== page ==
Apocalypse Now. Francis Ford Coppola. 1979. ⚃
I’ve seen this a couple of times before? But back in the 80s. I remember being quite taken with most of Coppola’s movies at the time — I even liked One from the Heart and Rumble Fish (well, sort of).
Sitting down to watch this, though, I have some misgivings: It’s a film so mythologised that I’m thinking that it can’t possibly be any good.
[half an hour passes]
It’s a pretty entertaining movie. It’s obviously made by a bunch of hippies that want to ridicule the military, but I think they kind of end up glamorising it instead? Sure, Kilgore (so on the nose) is insane, but isn’t he… kind of cool? Don’t you want to be him? There’s a commitment to masculine excess that trumps the impulse towards satire…
Oh the irony.
[forty minutes pass]
Aha! This is the scene JJ Abrams saw and then decided to start making movies.
[another hour passes]
I have to admit that my attention started wandering. It’s now reached the outskirts of Paris. I mean, er… Obviously, Coppola is going for an audience identification thing, so we spend a lot of time with these goofy, stoned guys in (and out) of uniform. I think it’s probably quite successful? But I don’t feel it. I’m mostly just annoyed by their antics. But that’s on me! The stoned goofy performances are good; they seem like fun guys to hang out with. Except for the killing. But I was bored by a most of these character building scenes.
And the stuff like having Clean killed while the tape from the mom was running is more than a bit obviously pandering. But, fine. I think melodrama is fine. It’s not annoying, and I like the cinematography.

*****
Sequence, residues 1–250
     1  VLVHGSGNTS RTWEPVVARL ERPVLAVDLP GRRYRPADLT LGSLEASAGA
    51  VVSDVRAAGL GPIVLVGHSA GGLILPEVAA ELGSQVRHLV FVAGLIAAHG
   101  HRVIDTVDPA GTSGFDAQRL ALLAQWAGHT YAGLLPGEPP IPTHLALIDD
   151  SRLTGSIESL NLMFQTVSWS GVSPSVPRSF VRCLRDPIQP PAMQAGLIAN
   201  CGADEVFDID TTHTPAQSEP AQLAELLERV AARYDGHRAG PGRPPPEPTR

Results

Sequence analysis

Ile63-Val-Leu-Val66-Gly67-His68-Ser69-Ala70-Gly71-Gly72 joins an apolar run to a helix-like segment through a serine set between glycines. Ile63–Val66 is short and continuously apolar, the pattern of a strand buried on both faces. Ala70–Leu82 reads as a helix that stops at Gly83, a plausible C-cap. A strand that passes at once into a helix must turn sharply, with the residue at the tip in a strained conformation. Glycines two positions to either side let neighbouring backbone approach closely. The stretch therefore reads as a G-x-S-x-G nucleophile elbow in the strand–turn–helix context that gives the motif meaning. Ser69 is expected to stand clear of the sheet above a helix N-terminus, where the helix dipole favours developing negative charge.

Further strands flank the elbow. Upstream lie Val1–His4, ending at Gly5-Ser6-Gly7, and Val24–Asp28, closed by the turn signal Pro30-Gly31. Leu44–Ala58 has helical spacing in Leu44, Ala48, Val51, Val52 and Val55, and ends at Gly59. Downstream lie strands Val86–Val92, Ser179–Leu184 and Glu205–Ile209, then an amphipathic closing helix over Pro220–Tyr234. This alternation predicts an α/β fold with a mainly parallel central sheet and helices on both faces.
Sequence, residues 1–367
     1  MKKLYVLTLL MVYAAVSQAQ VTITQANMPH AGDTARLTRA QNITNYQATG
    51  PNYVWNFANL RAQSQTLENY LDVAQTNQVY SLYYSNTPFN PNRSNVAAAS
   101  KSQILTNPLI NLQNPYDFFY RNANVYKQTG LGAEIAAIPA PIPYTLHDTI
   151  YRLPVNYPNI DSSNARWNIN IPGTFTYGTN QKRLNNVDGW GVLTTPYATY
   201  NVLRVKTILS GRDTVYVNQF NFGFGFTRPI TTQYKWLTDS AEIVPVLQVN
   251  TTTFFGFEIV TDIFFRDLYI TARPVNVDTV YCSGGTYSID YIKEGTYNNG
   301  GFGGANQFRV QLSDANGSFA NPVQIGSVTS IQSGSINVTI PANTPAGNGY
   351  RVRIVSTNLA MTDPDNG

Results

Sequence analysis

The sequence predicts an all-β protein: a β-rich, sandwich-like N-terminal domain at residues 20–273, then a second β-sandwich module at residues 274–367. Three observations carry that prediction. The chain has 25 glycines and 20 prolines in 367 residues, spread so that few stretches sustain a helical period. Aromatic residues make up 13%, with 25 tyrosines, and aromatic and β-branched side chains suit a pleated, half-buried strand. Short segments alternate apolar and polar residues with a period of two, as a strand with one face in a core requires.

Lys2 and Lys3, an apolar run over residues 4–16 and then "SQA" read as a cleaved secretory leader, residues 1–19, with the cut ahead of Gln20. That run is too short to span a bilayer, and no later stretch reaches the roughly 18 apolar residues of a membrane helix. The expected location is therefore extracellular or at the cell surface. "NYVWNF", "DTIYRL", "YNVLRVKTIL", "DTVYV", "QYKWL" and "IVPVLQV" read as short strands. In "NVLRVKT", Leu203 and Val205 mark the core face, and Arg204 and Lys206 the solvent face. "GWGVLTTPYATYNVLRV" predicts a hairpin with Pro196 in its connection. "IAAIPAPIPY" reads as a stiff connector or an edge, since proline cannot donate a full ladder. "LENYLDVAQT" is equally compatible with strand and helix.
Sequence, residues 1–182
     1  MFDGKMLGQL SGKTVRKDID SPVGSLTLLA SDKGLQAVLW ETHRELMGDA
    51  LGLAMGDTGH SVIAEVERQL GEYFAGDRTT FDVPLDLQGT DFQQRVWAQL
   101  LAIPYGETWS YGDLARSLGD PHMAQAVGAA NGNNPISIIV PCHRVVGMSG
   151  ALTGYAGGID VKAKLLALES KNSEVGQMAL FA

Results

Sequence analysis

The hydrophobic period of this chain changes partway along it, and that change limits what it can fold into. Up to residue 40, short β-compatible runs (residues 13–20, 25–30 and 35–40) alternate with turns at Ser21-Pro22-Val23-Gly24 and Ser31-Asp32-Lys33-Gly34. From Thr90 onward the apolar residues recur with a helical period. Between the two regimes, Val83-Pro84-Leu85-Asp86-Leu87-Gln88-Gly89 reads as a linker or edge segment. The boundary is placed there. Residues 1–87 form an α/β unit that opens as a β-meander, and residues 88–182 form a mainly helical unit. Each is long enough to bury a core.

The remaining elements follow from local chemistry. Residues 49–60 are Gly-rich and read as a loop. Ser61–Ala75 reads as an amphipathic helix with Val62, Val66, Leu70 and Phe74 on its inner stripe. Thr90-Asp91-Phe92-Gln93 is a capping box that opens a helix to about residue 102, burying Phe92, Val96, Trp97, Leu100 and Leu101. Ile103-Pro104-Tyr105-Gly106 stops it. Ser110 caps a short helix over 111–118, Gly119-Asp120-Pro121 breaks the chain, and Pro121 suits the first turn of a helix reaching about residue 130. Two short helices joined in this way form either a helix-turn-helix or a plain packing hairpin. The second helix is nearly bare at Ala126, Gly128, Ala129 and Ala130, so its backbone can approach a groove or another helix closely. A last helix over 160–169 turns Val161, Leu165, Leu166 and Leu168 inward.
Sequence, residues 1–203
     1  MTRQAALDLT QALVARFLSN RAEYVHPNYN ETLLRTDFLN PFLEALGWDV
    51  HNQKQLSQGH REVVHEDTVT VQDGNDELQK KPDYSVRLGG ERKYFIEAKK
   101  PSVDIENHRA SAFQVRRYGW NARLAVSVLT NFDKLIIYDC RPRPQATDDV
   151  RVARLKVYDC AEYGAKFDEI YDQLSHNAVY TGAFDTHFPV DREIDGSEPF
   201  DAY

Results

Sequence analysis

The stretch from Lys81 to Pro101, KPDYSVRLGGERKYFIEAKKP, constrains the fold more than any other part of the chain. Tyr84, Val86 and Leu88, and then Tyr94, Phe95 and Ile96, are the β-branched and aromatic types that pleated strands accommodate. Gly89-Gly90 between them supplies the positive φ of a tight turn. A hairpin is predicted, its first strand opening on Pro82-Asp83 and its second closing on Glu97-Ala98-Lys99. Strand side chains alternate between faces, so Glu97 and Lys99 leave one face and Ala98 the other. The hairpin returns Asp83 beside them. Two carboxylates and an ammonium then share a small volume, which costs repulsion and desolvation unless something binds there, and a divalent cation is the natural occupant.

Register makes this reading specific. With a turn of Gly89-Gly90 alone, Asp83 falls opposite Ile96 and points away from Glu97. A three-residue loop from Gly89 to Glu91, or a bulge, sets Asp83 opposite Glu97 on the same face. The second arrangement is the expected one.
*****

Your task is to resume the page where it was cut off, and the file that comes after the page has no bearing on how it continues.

There are virtually no negative reviews of this movie, but here’s one:
He compares the movie with this scene from Blazing Saddles:
I … don’t quite get it? Hm… the rest of the review is actually pretty cogent: The movie is idiotic, but it looks pretty cool (I’m paraphrasing ever-so-slightly).
I wouldn’t go quite that far… there’s a bunch of powerful scenes… but… it never makes clear why I should be interested. I mean, beyond the cool premise and the cool napalm shots.
This is, scarily enough, just the same thing I wrote up there after having seen half an hour of this film:
Coppola, a typically feckless Hollywood liberal, probably took on the project thinking of himself as an anti-war moralist and a stern foe of American imperialism. But the film owes most of its vitality to the fundamental pictorial excitement of combat scenes and reflects Milius’ reactionary ideology with peculiar clarity.
(I’m assuming “liberal” is used as the antonym of “leftist” here.)
I’ve read Heart of Darkness, and it’s a better book than this movie is er a movie.
This blog post is part of the Officially The Best series.